Build A Decentralized Chat Using JavaScript & Rust (WebAssembly)

Create and deploy your own decentralized chat in just a hundred lines of code using Wavelet.

Kenta Iwasaki


Creating a Dapp (decentralized app) takes a lot of research and implementation effort.

Countless hours have to be spent worrying about malicious users, secure p2p networking, security, and even governance when it comes towards building a Dapp.

To combat this, we at Perlin have created and open-sourced a blockchain called Wavelet that makes creating secure, resilient Dapps surprisingly easy.

By easy, I mean Firebase level of easy. About a hundred lines of straightforward code level of easy. Don’t believe me?

Well, let’s create a decentralized chat :).

What We’re Going To Be Building

Like any great tutorial, it would be nice to see a live demo of what exactly you’re going to be building ahead of time.

Head on over to, and you should see this.

This is what we’re going to be building.

Enter your private key to your Wavelet wallet into the [secret] textbox, and make sure you have a minimum of 250,000 PERLs.

Press Connect, then Load Contract, and you should see messages made by other people.

Feel free to then fill in the message textbox with whatever message you want to send. Then simply press Send Message, pay some PERLs, and that’s pretty much it 😃.

If you don’t have a private key, a Wavelet wallet, or 250,000 PERLs, venture on forward as we will teach you what is a private key, how you can register your own decentralized Wavelet wallet, and how you can populate it with 250,000 PERLs.

The Backend

To start off, we need to have a place to store our chat messages. In a normal app you’d just host up a MySQL/Postgres/MongoDB database and make a NodeJS server to collect chat messages and stuff them in your database.

The pros? It works. The cons? With just a couple of dollars, someone could DDoS your database server down and keep your chat service down for ages.

Bob made a chat service using MySQL and NodeJS. Bob’s chat got DDoSed by hackers. Bob is sad.

Dapps use a blockchain to store data. That data gets spread throughout potentially hundreds or thousands of nodes in a mesh network, so that even if a hacker DDoS’ the majority of your blockchains network, your app would still remain secure and available.

The backend API that queries/stores/modifies data to your blockchain is what we call a smart contract.

So, the equivalent of a NodeJS HTTP API server and a MySQL database in this tutorial would be a Rust smart contract and Wavelet (our blockchain).

Let’s get started building a smart contract for our chat Dapp. If you haven’t already, you need to install Rust, alongside a WebAssembly compiler backend for Rust which may be installed by executing the following command:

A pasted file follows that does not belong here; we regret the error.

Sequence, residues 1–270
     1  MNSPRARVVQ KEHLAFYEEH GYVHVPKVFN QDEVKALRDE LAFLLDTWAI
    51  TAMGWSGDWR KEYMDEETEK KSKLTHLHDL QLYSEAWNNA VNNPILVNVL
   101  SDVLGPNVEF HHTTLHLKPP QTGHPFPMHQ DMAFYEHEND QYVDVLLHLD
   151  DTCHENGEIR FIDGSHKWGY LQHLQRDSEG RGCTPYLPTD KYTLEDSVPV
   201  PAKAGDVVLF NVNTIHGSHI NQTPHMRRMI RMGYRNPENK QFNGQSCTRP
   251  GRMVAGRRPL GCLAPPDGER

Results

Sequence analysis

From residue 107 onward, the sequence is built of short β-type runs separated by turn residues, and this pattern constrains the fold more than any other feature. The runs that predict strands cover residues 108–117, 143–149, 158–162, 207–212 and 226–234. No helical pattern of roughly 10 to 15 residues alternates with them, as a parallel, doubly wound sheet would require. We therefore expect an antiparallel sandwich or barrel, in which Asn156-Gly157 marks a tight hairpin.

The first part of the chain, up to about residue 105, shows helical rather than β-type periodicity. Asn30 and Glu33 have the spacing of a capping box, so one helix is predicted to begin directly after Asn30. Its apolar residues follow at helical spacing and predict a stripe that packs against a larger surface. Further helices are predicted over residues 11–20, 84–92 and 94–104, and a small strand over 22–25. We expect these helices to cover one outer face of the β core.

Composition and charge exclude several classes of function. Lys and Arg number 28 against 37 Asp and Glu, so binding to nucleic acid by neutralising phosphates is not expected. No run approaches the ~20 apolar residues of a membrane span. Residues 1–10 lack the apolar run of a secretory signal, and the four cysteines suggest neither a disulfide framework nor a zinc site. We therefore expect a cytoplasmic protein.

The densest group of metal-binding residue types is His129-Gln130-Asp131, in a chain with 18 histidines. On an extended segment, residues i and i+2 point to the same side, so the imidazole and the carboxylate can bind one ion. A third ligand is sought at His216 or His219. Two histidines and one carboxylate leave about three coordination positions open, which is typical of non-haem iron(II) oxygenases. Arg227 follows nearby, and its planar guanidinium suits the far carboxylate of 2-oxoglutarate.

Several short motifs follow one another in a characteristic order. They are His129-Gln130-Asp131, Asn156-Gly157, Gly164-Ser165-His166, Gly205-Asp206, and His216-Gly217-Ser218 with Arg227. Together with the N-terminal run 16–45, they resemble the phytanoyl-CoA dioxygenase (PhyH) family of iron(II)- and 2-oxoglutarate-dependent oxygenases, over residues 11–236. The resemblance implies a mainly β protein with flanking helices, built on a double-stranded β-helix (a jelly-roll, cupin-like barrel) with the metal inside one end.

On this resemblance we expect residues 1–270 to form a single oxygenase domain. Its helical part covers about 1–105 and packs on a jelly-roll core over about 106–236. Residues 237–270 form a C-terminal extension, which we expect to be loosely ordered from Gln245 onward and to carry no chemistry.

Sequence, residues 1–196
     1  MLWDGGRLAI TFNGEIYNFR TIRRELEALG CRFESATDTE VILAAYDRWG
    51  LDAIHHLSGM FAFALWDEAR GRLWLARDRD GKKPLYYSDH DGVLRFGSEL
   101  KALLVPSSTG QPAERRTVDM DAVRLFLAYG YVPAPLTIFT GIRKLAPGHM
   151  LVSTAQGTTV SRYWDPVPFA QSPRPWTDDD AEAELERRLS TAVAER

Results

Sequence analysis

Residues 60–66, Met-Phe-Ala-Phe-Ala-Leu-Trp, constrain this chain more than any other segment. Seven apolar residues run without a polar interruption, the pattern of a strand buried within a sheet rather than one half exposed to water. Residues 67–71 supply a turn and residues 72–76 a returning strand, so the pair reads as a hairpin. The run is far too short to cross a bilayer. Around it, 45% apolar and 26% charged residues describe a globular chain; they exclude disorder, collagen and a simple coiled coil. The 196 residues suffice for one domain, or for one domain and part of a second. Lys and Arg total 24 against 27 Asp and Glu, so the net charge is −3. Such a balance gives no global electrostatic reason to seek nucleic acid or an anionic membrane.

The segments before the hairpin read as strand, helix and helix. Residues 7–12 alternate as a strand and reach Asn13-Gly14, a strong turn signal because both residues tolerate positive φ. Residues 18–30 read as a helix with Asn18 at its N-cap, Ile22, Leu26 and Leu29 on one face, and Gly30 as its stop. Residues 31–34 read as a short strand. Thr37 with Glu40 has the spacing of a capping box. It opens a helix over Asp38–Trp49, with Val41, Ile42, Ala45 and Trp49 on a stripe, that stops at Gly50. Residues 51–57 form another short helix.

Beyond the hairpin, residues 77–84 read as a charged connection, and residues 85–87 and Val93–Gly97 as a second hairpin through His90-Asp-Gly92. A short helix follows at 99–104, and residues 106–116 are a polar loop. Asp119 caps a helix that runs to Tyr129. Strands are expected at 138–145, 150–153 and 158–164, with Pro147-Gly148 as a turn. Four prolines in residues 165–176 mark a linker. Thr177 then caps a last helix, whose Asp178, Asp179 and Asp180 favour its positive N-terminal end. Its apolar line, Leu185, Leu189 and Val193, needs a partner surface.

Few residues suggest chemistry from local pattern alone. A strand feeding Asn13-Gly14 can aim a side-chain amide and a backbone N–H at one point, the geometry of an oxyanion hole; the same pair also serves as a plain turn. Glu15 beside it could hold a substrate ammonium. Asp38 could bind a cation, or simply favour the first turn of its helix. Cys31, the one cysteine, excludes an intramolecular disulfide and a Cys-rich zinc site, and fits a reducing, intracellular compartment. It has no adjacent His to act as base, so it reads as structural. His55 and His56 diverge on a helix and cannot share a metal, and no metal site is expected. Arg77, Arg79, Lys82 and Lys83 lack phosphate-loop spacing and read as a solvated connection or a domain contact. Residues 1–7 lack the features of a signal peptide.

❯ rustup target add wasm32-unknown-unknown

Right after, proceed to create your first Rust project by executing the following command, and take a bit of time searching up on how to install 3rd-party dependencies/libraries into your Rust project.

❯ cargo new --lib chat; cd chat

The dependencies for building Wavelet smart contracts are available in Rust’s package repository here and here.

You should have your project configuration file Cargo.toml look something like this:

Now that we are all setup, let me just give it to you straight: here’s what the source code of our decentralized chat smart contract looks like.

73 lines of code. That’s pretty much it (could be made smaller tbh). To explain a little bit what’s going on here:

The smart contract exposes two functions that may be called by our frontend: get_messages(), and send_message(msg: String).

The String param for send_message(…) is read using the function when declaring the entry variable. For more details on how inputs are specified into smart contracts, click here.

Chat logs are stored in a VecDeque (a double-ended queue where you can push items to the front of the queue, or to the end of the queue), which is initialized in init().

Each chat log contains a sender ID and a message. The sender ID is a cryptographic public key of the person who sent the chat message.

You call send_message(…) to place a chat log into the logs queue. Empty chat messages are not allowed, and chat messages may at most be 240 characters.

The logs queue has a capacity of at most 50 chat log entries. Should the queue be full when a new chat log is to be inserted into the queue, the queue removes the oldest message using logs.pop_front(). This logic is handled in the prune_old_messages() function.

You may call get_messages() to get a human-friendly readable version of a chatlog. Sender ID’s get printed out as a hex string, and are concatenated with the senders message contents.

Then a log!() macro is used to have the smart contract provide to your frontend all available chat messages from get_messages().

Let’s now build our smart contract using Rust’s Cargo tool:

❯ cargo build --release --target wasm32-unknown-unknown

… and if everything goes well, in the target/wasm32-unknown-unknown/release folder, you will see a chat.wasm file.

That is your smart contract, ready to be deployed on Wavelet’s blockchain.

Deploying The Backend

We need access to a Wavelet blockchain network to deploy our chat smart contract to.

Fear not, we hosted one up for you to test your smart contracts out with. Head on over to, and you’ll be faced with this login screen.

Generate a new private key, save your private key, load a previously-saved private key; then proceed to login.

In case you have no knowledge of what a private key is, think of it as your password. Associated to your private key is a public key, which you can think of as your username.